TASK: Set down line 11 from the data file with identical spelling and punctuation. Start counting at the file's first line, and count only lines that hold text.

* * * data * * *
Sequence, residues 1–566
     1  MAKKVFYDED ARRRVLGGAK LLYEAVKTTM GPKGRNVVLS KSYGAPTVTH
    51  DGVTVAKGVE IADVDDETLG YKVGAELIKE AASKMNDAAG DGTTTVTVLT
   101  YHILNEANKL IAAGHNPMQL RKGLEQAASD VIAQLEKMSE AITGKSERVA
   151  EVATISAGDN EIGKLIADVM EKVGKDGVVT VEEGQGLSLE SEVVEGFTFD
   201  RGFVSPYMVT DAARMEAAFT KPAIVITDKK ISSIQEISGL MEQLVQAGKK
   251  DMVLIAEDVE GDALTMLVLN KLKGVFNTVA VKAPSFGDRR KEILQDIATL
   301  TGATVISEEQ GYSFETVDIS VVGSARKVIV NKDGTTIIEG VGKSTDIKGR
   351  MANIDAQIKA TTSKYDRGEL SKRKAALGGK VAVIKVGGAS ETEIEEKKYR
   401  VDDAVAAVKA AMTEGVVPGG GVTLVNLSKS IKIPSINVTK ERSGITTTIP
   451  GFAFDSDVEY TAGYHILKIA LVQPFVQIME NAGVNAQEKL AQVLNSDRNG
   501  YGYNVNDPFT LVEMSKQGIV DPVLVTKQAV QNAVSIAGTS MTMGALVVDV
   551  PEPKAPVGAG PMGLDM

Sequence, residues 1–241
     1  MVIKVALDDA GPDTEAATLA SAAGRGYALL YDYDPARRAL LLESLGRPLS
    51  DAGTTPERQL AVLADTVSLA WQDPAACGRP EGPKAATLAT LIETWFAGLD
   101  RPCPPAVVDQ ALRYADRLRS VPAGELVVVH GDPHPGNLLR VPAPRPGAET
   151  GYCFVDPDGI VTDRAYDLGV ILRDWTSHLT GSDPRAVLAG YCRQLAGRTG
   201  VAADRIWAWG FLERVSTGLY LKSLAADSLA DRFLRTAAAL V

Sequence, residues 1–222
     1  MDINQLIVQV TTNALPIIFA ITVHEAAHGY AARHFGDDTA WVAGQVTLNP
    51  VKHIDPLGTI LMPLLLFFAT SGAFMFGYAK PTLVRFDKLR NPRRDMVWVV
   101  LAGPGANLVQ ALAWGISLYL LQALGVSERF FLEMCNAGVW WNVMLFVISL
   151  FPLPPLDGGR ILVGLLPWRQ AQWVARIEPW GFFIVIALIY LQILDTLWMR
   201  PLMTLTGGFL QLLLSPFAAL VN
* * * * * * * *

   451  GFAFDSDVEY TAGYHILKIA LVQPFVQIME NAGVNAQEKL AQVLNSDRNG